Learn The Constitution

Tuesday, March 2, 2010

Eighteen Constitutional Questions to ask Candidates in 2010

Learn the 18 Constitution Questions you should ask candidates in 2010 in NCCS' January Newsletter. 

http://nccs.net/newsletter/jan10nl.html by Earl Taylor, Jr.

With the events of 2009 now a matter of history, it is clear to see that the election year of 2010 will be like no other we have seen. On the one hand we have those running the country who are openly opposed to any form of the Founders' government based on limited, balanced, and carefully delegated powers. On the other hand are those who are awakening to a sense of our awful situation—one that if not immediately and powerfully checked—will no doubt lead to a loss of the very liberty and freedom for which our Founders fought and died. The months leading up to the November 2010 election, with all the petitions, campaigns, promises, and media hype, will be intense, perhaps even brutal, as the two forces battle for control of Congress for the following term.
Once in a while a question will be posed such as this: What can we do when there really is no one on the ballot we feel like we can support? My answer is usually: Then you have learned not to wait until the election to start thinking of good candidates! The process must begin very early. For 2010, it must begin now.
Philosophy is more important than issues
If voters can be sure they are electing people with the correct philosophy of government, then they can feel safer that no matter what the issue is that comes along, the decision about that issue will probably be made based on correct principles and not on current opinions. Issues will come and go. Correct principles do not come and go. To paraphrase one man's counsel on how best to lead: Teach people correct principles and let them govern themselves. As Americans, the time for insisting that our candidates are strong believers in correct principles of government is now.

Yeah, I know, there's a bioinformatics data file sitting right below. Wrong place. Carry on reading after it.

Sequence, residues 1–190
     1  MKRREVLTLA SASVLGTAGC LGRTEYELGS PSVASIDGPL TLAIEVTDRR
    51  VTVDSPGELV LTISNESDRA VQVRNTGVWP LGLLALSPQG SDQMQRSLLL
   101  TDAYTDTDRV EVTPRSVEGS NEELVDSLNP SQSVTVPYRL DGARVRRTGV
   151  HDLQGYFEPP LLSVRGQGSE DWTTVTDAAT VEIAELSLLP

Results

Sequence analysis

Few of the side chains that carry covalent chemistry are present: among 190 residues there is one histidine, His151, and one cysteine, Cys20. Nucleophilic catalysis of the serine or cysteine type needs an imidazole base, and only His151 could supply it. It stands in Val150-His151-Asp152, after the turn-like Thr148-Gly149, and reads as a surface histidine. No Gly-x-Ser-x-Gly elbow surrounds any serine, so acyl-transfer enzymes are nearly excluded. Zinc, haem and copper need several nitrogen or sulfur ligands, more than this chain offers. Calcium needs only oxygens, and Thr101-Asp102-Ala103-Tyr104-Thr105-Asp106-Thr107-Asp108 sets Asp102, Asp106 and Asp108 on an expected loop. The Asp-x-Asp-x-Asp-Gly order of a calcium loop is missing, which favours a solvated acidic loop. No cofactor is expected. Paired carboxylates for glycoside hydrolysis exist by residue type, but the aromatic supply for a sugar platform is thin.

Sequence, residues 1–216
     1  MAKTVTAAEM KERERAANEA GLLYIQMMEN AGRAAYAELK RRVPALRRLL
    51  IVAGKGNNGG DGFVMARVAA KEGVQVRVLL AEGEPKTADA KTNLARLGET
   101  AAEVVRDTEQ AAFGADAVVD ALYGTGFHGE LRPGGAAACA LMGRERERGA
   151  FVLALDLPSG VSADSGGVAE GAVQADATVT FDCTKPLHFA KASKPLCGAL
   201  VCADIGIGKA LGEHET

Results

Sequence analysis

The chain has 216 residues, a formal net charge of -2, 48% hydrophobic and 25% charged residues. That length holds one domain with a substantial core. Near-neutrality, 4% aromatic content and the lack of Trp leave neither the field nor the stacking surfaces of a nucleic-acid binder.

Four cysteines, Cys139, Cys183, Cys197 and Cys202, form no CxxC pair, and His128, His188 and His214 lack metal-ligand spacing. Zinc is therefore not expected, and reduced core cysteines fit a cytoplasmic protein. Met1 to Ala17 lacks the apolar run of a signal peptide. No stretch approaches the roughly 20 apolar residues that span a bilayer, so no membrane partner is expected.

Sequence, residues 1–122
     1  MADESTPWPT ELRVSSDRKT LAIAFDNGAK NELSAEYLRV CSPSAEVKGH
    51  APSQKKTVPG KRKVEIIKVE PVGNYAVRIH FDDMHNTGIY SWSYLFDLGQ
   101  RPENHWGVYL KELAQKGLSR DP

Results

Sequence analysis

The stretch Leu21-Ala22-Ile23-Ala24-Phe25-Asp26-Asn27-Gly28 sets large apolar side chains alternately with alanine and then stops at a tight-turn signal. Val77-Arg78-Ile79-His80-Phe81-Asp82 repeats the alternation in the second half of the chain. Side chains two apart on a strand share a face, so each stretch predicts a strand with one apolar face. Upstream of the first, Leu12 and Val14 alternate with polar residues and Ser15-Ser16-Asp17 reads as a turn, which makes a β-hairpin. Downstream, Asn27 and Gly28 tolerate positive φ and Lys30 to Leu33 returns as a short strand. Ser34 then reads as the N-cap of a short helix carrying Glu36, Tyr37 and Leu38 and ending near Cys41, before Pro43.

The following are a few of the questions my twelfth grade students have asked candidates who are running for public office. These young people can tell pretty quickly what kind of public officials they will make just by their answers.
Question 1. What is the concept of unalienable rights as mentioned by Jefferson in the Declaration of Independence? Unalienable rights are those rights given to each human being by the Creator. They cannot be taken away by man without man coming under the judgment of Him who gave that right. This quickly gets to the root of a person's political philosophy. A person's concept of unalienable rights reveals his belief in a Creator, the equal rights to life, liberty and property of man, and the proper role of government. Unalienable rights must not be confused with vested rights which are rights created, given, and sometimes changed by the people or their government.
Question 2. Explain your feeling about this statement: “Our Constitution was made only for a moral and religious people. It is wholly inadequate to the government of any other.” This statement was made by John Adams who, with the other Founders, believed that freedom can only be maintained on the basis of virtue and morality. As we are seeing today, proposed solutions to problems can be made by the dozens, but unless the solutions are based on principles of morality and virtue as taught in religion, they will never solve problems.

Read the full newsletter here.

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